History That Never Was

Home of Dawn Vogel: Writer, Historian, Geek

Works in progress, and then not

I’ve got a bunch of stories that should be in the works. I almost outlined one of them, for the Steampunk Shakespeare anthology. I say almost outlined, because I’m not a big outliner. Most of my stories just tend to flow in semi-random directions, and then get cleaned up later on. But this story needed to follow a certain formula, so I made sure I had all of the right elements in place with the outline.

I did write the final scene, which clocked in at 510 words. Now I would have up to 10,000 words to tell this story, but I wanted to aim more for the 3,500 range. Based on my outline of seven scenes, this only gave me 500 words per scene. While that was plenty for the final scene, it didn’t seem viable for the other scenes.

I tried to come up with ways to cut it down, to write less scenes. But more and more, I realized that it would be really hard to tell the story, even with only one POV character, in a short format. I also realized that I was chafing a bit at the notion of having to tell a story that needed to go in an already defined direction.

But I do like what I came up with for the final scene, so I post it here, for your reading pleasure. (And for the record, the anthology submission encouraged the use of Shakespeare’s dialogue, which is why the final lines might look awfully familiar.)


Juliet heard the whirring of the gears within the preservation capsule before she had the strength to open her eyes. The confines were more snug than she had anticipated, and overly warm, neither of which helped to rouse her. Her entire body felt heavy, as though compressed by an enormous weight.

As her eyes opened, her vision was hazy, but she was certain that Doctor Laurence was not standing in front of the capsule, as he had assured her he would be. Confused, she fumbled for the safety latch that would release her from the capsule. Her fingers, which felt like sausages, slipped on the smooth metal handle on her first two tries.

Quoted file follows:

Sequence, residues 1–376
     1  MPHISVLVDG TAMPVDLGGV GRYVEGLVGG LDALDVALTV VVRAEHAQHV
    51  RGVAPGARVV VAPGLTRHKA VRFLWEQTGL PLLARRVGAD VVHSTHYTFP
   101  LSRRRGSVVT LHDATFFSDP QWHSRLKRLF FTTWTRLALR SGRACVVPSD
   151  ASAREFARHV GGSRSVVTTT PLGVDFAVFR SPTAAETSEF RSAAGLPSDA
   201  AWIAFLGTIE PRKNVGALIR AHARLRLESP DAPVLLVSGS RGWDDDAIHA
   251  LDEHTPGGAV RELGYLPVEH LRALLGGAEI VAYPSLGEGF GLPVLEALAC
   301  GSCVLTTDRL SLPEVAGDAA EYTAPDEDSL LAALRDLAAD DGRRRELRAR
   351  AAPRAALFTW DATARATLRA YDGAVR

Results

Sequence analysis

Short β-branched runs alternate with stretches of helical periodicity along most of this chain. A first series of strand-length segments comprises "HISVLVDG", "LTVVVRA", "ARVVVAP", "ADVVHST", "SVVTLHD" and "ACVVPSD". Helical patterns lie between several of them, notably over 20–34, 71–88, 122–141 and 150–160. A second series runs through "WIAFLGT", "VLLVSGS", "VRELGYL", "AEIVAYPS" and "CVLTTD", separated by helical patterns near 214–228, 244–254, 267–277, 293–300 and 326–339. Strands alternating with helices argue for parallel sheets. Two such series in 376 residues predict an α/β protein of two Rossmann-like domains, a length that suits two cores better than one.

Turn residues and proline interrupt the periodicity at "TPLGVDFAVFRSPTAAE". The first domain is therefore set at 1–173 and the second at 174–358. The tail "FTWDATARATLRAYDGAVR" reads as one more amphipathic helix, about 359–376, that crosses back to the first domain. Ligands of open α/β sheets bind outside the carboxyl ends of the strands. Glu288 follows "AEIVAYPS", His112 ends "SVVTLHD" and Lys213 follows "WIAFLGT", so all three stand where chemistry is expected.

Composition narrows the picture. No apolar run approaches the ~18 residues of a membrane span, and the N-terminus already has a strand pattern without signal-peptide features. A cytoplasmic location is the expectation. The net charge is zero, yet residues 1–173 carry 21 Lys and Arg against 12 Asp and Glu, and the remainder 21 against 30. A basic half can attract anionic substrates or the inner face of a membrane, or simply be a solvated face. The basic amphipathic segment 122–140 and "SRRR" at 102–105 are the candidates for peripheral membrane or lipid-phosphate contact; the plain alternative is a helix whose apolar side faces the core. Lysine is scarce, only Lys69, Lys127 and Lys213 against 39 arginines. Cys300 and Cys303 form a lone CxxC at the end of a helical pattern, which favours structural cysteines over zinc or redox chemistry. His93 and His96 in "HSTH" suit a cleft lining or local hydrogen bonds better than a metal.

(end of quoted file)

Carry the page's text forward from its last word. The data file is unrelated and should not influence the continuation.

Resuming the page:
Before she could make a third attempt, she saw Romeo’s face appear in the window. Her face spread into a smile, but he did not seem to notice as he bent down in front of the capsule. The next thing she saw was Paris’s head, lolling toward one shoulder. The limp body obscured her view of Romeo, until he turned to one side and heaved the corpse forward.

“Romeo!” she gasped. In her panic, she forgot that no sound could escape the capsule, just as no outside noises could make their way in. She could see Romeo’s lips moving, but was not able to tell what he was saying.

Juliet reached for the handle to open the capsule, but could not find it. Her eyes chanced upon a clock at the far end of the room. A quick bit of addition revealed that she had awakened nearly two hours before Doctor Laurence was scheduled to arrive to revive her.

Again, Romeo’s face appeared at the window of her capsule. She screamed, trying to draw his attention. But his eyes were closed as he pressed his lips to the thin pane of glass that separated them. Without opening his eyes, he stepped back, raised a small vial as though presenting a toast, and then moved it to his lips.

At that same instant, Juliet’s fingers grasped the handle. She threw open the door, the name of her beloved husband finally escaping within the range of his hearing. His eyes fluttered upwards as he collapsed on the cold marble floor of the Capulet crypt.

Doctor Laurence echoed Romeo’s name as he rushed into the room. His eyes, filled with despair, locked on Juliet’s. He made his way to Romeo’s side and lifted the vial, which had rolled a few feet away. Bringing it toward his face, he grimaced. “Juliet, away with you. A greater power than we can contradict has thwarted our intents. The watch is coming. I dare no longer stay.”

“Go, then, for I will not away,” she said, kneeling by Romeo’s side.

Doctor Laurence hesitated only for a moment. He nodded and ran from the room. Juliet looked down at her husband. “None left for me?” She bent to kiss his still warm lips. “Then your dagger. This is its sheath.” She plunged the blade into her chest and gasped, “There rust, and let me die.”

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